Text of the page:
Many parents encourage their children to speak more of English language than their mother tongue, for reasons best known to them.
Born and raised in Birmingham, Oluwadamilola is unable to speak Yoruba. It is often embarrassing when she comes across Nigerians and she can’t relate with them.
Telling anyone she is Nigerian is often met with disbelief because she pronounces native words with an English accent, even her names, which her all in Yoruba – Oluwadamilola Ganiyat Ariki Sodeinde.
“As a child, because you were the only child, and maybe other things I’m not aware of, you spoke well, you grapsed things well, you were very alert, you were very intelligent but when it comes to speaking, your speech was kind of… some of the words were twisted” Oluwadamilola’s mother told her in a conversation hosted by the BBC.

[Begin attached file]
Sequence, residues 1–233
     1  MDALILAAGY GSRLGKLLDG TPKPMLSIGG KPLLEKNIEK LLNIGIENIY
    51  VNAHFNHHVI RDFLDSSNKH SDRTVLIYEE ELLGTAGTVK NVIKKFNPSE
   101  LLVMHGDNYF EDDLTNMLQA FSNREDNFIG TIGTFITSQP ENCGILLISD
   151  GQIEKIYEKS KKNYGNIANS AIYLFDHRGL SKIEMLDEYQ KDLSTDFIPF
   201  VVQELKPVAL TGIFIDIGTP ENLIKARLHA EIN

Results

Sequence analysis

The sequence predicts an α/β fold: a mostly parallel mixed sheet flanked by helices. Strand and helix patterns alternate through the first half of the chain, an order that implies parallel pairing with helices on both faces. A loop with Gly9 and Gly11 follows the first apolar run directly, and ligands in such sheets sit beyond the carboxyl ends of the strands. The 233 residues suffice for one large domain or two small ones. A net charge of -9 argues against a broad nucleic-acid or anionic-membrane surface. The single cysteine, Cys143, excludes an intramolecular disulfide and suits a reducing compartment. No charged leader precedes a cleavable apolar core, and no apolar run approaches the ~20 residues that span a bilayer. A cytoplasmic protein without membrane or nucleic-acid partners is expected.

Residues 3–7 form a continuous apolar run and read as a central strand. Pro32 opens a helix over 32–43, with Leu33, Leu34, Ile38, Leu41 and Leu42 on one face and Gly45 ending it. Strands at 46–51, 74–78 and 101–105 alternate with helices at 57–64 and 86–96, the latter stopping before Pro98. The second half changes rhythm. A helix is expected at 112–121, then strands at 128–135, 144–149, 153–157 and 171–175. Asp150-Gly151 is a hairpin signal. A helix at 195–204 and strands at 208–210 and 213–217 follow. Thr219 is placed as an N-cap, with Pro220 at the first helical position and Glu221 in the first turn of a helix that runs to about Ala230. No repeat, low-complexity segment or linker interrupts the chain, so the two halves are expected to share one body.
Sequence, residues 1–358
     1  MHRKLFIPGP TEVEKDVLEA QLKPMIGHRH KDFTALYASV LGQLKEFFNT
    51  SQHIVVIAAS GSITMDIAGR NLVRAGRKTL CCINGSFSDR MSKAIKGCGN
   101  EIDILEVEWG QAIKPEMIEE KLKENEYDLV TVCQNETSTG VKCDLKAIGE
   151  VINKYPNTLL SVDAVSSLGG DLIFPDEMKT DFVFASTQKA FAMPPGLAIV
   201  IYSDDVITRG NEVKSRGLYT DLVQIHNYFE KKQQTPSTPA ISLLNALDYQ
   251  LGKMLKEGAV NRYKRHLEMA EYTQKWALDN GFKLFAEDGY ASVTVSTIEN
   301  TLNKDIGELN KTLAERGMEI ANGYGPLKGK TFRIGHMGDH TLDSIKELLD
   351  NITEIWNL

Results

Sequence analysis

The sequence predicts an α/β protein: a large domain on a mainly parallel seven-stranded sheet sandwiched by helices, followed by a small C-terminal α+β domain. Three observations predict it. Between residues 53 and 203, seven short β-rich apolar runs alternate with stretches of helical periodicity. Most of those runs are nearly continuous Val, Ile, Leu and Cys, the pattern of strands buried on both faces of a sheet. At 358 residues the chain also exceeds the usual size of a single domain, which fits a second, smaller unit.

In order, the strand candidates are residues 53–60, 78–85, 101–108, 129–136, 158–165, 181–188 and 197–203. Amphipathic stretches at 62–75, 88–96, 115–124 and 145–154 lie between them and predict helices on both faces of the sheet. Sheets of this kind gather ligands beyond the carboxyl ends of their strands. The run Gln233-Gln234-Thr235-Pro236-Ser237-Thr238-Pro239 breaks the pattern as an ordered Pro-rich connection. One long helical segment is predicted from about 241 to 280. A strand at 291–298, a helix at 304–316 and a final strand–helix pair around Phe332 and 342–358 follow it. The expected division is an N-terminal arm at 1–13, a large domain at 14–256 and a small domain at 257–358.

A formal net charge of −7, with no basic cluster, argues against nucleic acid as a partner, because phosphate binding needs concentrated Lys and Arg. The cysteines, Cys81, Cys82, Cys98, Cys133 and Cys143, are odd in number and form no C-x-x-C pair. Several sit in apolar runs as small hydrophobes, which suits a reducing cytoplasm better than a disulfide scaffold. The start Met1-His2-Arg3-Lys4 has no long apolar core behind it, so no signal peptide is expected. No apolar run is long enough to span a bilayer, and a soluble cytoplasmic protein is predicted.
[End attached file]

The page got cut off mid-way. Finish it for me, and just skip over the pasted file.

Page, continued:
When her parents heard that if they spoke too much Yoruba to her, it would affect her English, they were worried and had to stop. Years later, Oluwadamilola’s parents realized that the advice was due to prejudice.
Despite that, Oluwadamilola doesn’t feel more of British than Yoruba, Oluwadamilola is still keen on learning her mother tongue.
Watch the full conversation on BBC.
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